SOUP IS A UNIVERSAL winter staple. As soon as the weather tips to the colder side, you’ll find me in the kitchen trying to recreate my mum’s or grandma’s various soups — or reheating a Campbell’s if I’m feeling lazy — there’s just something so soul- and body-nourishing about the stuff that can’t be beat. But when it comes to soup, there’s one type that’s reached a level of trendiness you don’t usually associate with the comfort food: Yes, I’m talking about bone broth.
Celebrities from Halle Berry to Kylie Jenner have talked about their obsession with the superfood, which has risen to new levels of popularity in the past decade or so thanks to the general “wellness” movement. But it’s hardly new — in fact, it’s been around for approximately 2,500 years, as a staple of traditional Chinese medicine used to support kidney and digestive health. So why is it that after all these years, everyone is still harping on about bone broth?
According to GoodnessMe nutritionist Malissa Fedele, the bone broth hype is perennial because it’s just a super easy, tasty and convenient way to enjoy a bunch of healthy benefits in one go — bypassing the need to choke down a fistful of assorted vitamin pills each morning.
“Bone broth has been used for centuries, I think we have just re-discovered all the great nutrients and benefits of it so it has become pretty popular,” says Fedele. “It is an easy way to nourish your gut and provide your body with an abundant amount of nutrients in one easy-to-drink warm liquid.”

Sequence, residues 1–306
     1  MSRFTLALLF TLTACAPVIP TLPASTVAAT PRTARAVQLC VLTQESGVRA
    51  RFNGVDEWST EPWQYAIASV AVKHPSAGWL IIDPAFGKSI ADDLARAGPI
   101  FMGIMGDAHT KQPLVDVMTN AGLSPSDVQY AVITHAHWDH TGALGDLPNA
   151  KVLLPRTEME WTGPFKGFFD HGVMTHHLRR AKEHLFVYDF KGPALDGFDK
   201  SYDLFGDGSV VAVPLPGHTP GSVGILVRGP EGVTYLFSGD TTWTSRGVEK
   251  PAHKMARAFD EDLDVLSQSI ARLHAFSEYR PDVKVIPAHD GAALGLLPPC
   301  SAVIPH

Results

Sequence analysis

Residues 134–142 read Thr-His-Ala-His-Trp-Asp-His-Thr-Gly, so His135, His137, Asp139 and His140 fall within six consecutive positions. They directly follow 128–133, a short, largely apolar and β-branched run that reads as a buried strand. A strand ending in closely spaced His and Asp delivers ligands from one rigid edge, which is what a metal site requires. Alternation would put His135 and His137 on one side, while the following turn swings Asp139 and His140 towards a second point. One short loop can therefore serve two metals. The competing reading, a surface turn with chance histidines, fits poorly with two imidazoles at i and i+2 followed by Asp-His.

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What is bone broth?
“Bone broth is a health elixir that’s been enjoyed for its healing properties for centuries,” explains Peta Shulman, CEO and founder of health foods provider GoodnessMe. “It’s made when bones and most often vegetables are simmered super low for hours on end to draw nutrients out of the bones and create a thick and flavourful broth packed with vitamins, minerals and the hero, gelatine … the protein formed when collagen is broken down.”
Any health or beauty aficionado would have heard of the buzzword collagen by now — the protein in the body that provides strength and structure to your hair, skin, bones, muscles and tendons.
“A daily dose of bone broth is an easy way to support collagen production and the body’s natural healing process,” Shulman says, adding that it is part of her personal holistic health treatment for her auto-immune condition.
What does bone broth taste like?
Wondering what it tastes like? Shulman says it’s hearty and comforting, like your favourite savoury soup bases.
“It’s umami-flavoured,” she says. “A perfect hearty blend, just like a beef broth you’re probably used to using in your soups at home. A good bone broth is also quite gelatinous so it’s best described as tea meets miso, just a touch thicker unless you dilute it to be more water-based.”
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What are the benefits of bone broth?
Bone broth aficionados will tell you that it’s basically a cure-all, but like anything in the wellness world, it’s natural to wonder which claims should be taken with a grain of salt. We asked Malissa Fedele, a clinical nutritionist with a Bachelor of Health Science in Nutritional and Dietetic Medicine, to break down the real benefits of bone broth.
“Bone broth is known for fighting inflammation. Many of the amino acids including histidine, glycine and cysteine have shown to be anti-inflammatory,” Fedele explains.